In August 1938, the SS launched a concentration camp in the vicinity of Mauthausen in Austria. Over time, a network of about 100 sub-camps and external commandos, of the highest and severest category in the Third Reich, was built around the concentration camp. Gusen, operating since early 1940, was the first and the biggest subsidiary camp of Mauthausen, by many Germans called "the extermination camp for the Polish Intelligentsia." By 1945, 190 000 men and women from various countries ; Poles, citizens of the USSR, Hungary, France, Spain, were dropped to KL Mauthausen Gusen. The awaited liberation of the camp came on the 5th of May 1945, when the US Army soldiers reached the camp. In contrast to Mauthausen, which was declared a memorial site in 1949, the group of sub-camps Gusen met with complete destruction. Despite a petition sent by the University of Warsaw's Association of Students and Alumni of the Institute of Archaeology, which described the need to protects the traces of the crimes committed at Mauthausen, Austrian government have done a lot to erase the traces of the former camps' existence.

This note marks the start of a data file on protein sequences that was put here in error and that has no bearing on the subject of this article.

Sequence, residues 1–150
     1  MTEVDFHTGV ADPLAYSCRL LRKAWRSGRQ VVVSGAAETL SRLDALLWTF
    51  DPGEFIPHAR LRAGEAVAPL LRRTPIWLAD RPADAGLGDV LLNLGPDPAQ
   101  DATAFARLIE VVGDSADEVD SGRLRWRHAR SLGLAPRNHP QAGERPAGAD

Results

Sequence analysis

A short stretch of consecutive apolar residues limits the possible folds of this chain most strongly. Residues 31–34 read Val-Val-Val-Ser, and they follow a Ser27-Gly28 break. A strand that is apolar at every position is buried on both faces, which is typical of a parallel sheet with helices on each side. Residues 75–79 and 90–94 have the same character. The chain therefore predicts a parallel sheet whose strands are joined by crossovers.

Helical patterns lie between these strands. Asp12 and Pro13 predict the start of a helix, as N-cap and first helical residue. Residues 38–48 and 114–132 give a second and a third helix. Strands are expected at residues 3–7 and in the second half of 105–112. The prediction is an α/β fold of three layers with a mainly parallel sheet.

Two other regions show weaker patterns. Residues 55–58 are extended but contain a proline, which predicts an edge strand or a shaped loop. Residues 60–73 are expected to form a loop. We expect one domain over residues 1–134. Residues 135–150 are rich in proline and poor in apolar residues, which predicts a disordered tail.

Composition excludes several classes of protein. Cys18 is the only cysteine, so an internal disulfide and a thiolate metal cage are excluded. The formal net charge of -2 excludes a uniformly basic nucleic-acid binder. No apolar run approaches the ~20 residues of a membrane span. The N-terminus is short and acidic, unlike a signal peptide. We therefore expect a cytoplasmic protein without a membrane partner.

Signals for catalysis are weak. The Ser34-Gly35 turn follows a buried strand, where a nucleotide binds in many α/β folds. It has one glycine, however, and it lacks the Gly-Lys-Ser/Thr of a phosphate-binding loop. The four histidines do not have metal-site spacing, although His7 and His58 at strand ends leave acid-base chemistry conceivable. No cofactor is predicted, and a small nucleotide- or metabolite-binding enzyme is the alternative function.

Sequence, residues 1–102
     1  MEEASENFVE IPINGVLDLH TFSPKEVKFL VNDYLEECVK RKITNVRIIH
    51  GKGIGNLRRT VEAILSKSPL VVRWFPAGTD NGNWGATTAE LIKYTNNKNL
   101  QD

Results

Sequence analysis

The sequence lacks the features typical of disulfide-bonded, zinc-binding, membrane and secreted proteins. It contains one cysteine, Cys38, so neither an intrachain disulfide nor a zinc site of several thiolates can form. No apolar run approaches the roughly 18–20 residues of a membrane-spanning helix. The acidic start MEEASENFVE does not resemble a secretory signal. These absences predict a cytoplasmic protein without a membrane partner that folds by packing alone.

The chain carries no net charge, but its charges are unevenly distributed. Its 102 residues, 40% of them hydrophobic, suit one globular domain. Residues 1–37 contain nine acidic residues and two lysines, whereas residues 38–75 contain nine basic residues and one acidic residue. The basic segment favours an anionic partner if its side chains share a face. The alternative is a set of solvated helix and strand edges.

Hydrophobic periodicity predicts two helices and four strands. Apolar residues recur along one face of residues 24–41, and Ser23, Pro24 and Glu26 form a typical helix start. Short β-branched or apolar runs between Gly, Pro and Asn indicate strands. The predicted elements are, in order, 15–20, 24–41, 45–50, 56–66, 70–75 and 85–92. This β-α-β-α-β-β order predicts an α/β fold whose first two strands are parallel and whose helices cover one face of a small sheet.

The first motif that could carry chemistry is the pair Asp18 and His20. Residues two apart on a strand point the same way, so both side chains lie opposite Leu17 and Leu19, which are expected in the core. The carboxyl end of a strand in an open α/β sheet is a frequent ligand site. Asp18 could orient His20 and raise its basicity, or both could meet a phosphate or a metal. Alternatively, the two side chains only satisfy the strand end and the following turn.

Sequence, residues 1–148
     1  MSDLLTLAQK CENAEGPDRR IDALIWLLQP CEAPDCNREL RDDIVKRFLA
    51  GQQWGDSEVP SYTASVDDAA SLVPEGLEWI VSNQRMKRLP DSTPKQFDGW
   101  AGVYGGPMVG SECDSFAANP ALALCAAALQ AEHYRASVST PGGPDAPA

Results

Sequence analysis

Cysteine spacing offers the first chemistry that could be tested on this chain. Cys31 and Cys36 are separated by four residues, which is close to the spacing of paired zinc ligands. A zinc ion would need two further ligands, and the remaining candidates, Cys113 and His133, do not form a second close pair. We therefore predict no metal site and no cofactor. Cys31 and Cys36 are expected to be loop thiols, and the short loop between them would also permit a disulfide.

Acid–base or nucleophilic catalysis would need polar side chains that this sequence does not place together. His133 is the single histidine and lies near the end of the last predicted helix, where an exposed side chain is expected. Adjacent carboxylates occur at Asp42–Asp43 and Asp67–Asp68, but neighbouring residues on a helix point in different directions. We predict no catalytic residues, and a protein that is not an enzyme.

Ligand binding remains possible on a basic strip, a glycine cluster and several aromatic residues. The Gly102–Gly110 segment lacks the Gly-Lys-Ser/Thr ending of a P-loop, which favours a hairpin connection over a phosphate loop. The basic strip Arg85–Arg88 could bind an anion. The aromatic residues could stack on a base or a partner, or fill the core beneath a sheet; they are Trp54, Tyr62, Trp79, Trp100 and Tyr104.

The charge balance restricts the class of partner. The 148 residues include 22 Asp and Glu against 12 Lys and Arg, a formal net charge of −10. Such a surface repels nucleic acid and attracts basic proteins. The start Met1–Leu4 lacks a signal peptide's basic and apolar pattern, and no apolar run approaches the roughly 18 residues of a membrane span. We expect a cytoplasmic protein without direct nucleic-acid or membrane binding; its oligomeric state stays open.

Blue Zone is a series of cyanotypes showing the remains of the concentration camps Gusen. Due to privatization of the land, there appear family houses on the place of the barracks and gas chambers of the former camp. Prussian Blue, the synthetic pigment that gives cyanotypes their distinctive hue, is a chemical by-product of hydrogen cyanide of "prussic acid" which was used in Nazi German concentration camps during World War II to kill en masse as part of their genocide program. These blueprints work as a reminder of the crimes committed in Mauthausen and create a bridge with the present and subsequent denial of their existence by the ones who eagerly work on the past to be forgotten.

Edition of 30 copies (each includes original cyanotype print) SOLD OUT